I snapped many photos while wandering Haifa last week, as I always do whenever I see something new or interesting while exploring a city. I was with my friend Tyler, who conspicuously does not take photos while exploring a new place. I asked him why, and his answer was, "It's a distraction, and I can find better images online."

The first half of his answer really resonated with me. I too find it distracting to document something in the midst of experiencing that thing. It disrupts the "flow" of a moment, and when you zero in on something, it narrows your field of vision and can cause you to miss other interesting details just outside of the frame.

The second part of his answer made sense, too. During that conversation, we were facing the famous Bahá’í Gardens. I'd snapped a photo just moments before, and he's right that the photos of the gardens I found online are far more spectacular than whatever I shot with my cell phone (despite what the Shot on iPhone ads may lead you to believe).

To pile on the anti-photo train just a bit more, I'd add that taking photos can be rude to the people you're with. Live-documenting a moment—whether in the form of incessant photography, live tweets, or even old-fashioned pen and paper notes—subtly signals "I care more about how my future self reflects on this moment (or, worse, what the internet thinks) than about the experience you and I are sharing right now." 1

Google Images has a sea of stunning photos of the Bahá’í Gardens (left). My photography (above) doesn't quite compare.

In other words, I agree that photos can be distracting and unnecessary, not to mention borderline rude. So why do I take photos?

I love capturing the little moments of daily life that happen at street level as I'm wandering around a city, whether it's a new one an ocean away or my own neighborhood in San Francisco. These are very different from the photos of the Eiffel Tower that every visitor to Paris has somewhere in their phone camera, different from the ones you'll find on travel guides or city government websites. You can't easily find the pictures I want on Google Images. I've yet to find a consistent good source of photos capturing exactly what it is that I find interesting on a city street, the sort of thing that I want to include in my City Reviews exploring the effects of infrastructure, culture, geography, and history on the day-to-day life of people living in that place. The only alternative is to capture them myself.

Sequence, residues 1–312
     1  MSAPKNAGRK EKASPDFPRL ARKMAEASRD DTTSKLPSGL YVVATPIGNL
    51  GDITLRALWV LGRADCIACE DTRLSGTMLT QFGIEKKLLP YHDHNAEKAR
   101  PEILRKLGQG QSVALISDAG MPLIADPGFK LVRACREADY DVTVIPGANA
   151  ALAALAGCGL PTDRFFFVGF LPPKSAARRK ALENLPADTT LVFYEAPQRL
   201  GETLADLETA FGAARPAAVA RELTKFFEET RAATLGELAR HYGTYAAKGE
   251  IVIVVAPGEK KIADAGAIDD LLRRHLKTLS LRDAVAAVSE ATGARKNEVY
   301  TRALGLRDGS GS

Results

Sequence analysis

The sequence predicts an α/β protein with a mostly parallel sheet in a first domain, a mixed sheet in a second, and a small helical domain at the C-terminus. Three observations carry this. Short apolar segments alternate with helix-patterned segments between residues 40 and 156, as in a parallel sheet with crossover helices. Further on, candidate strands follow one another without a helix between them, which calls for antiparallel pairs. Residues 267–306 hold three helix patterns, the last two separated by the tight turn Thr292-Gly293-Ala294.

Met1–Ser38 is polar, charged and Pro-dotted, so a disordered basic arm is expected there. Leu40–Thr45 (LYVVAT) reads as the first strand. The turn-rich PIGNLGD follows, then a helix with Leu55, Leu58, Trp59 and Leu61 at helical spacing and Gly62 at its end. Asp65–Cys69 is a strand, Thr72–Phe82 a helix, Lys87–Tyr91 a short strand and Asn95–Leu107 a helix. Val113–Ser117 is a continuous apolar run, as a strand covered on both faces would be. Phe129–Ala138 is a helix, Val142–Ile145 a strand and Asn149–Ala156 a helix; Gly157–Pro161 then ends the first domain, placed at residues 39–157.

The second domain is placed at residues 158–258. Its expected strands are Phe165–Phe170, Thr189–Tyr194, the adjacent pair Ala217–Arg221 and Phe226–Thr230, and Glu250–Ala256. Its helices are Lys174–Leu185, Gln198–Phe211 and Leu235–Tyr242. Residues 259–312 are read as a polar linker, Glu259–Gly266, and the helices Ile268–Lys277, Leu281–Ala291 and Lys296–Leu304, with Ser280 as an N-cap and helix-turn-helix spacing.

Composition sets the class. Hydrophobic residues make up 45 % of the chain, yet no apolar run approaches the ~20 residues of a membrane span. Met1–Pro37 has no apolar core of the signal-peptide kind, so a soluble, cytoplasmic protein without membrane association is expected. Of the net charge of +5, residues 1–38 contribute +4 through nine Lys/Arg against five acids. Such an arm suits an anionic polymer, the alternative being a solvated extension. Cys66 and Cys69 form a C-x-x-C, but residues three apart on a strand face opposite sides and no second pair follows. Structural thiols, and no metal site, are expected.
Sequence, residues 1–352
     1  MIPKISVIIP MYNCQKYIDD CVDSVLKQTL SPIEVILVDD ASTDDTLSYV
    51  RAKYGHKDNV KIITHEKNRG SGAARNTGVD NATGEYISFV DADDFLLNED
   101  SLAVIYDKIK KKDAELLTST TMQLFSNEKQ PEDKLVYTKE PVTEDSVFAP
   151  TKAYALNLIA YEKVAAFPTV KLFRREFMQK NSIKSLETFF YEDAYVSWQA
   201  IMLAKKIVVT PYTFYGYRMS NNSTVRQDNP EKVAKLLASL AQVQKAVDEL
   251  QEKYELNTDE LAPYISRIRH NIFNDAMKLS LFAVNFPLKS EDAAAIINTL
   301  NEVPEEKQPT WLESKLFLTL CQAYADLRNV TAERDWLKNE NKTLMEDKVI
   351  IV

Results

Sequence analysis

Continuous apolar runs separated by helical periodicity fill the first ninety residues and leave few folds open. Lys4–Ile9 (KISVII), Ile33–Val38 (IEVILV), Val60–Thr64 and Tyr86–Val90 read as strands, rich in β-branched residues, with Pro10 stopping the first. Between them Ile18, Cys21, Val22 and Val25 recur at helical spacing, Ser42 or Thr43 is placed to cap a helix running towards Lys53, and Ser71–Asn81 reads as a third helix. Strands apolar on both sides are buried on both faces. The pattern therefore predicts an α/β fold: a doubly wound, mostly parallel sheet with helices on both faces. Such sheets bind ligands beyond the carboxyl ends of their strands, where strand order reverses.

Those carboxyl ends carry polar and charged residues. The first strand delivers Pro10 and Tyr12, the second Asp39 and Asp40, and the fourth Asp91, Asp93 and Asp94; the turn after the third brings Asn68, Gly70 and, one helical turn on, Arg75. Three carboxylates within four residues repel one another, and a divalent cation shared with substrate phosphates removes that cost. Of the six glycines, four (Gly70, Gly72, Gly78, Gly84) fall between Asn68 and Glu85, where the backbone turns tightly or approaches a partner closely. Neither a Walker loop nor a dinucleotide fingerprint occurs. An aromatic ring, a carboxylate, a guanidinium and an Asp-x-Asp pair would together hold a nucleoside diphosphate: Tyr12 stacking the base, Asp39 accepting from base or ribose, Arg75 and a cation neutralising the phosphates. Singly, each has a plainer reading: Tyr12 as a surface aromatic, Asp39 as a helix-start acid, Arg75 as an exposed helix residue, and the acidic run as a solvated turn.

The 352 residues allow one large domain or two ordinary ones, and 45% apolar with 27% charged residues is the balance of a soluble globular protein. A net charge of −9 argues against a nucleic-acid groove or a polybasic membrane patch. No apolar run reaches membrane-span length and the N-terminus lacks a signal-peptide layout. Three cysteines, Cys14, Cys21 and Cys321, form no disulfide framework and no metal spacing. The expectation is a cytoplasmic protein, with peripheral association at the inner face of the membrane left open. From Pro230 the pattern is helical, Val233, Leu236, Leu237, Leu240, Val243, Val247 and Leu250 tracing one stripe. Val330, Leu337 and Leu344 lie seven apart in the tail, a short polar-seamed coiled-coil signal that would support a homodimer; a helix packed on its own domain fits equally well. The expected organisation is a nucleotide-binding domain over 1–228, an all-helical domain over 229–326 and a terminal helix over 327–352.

Even if I don't use the photos directly, they also help reconstruct my memory palace later. I enjoy reflecting on the places I go and researching more deeply the observations I noticed there, but I often lose the pointers to those memories in my mind. The memories are there, but they're hard to retrieve without some trigger to resurface them. Flipping through my photo album can jog my memory and take me deeper down a rabbit hole. 2

Photos also capture only a small part of how it feels to be in a place and time, so it really matters to me that I know exactly the context of where a photo was shot for me to be able to appreciate the place-ness of that photograph. When I'm writing about an Urban Chasm I experienced in Barcelona or a Narrow Street for People in Saigon, I want to recall the fabric of the city around it to begin to understand how it fits into the city system as a whole. I don't want just any Parisian street corner; I want the specific Parisian street corner where I noticed all of the woven plastic cafe chairs facing in on the same little square, like an audience facing the stage of a ballet that's about to begin, and how it was a little oasis of calm despite a major boulevard one block away because of the geometry of the buildings and the crooked little streets.

I have my own interpretation on how the world looks and feels, as do you and everyone else. The details that jump out to me differ from what will jump out to my mom, which differ from what will jump out to an architect, which differ from what will jump out to an economist, and so on. Photos are a little window into how a person perceives the world. Selfishly, I want more little windows into the way other people think, and I enjoy opening my own for others to catch a glimpse, too.

It's true that taking photos comes at a cost. But I'm willing to pay that cost3 when it's a matter of capturing something that others might overlook.

1 Of course sometimes that is the right tradeoff, and it can even be a sign of respect in the case of something like scribbling down notes about some insight that your conversation partner.
2 Google Maps Timeline is also useful for this purpose. It's invaluable for retracing my steps on a given day and reconstructing my memory of what I did. For example, here's my timeline map for the day in Haifa:
3 The conversation in Haifa did get me thinking. Most of my photos are of the individual perspective type, but whenever I end up with a famous landmark in front of me I'm in the habit of snapping the same predictable pictures as any other traveler. These photos do just diminish the experience of seeing the thing with no real upside, so in the future I will be more intentional to restrict myself to taking photos that I think i'll only get if I myself take them.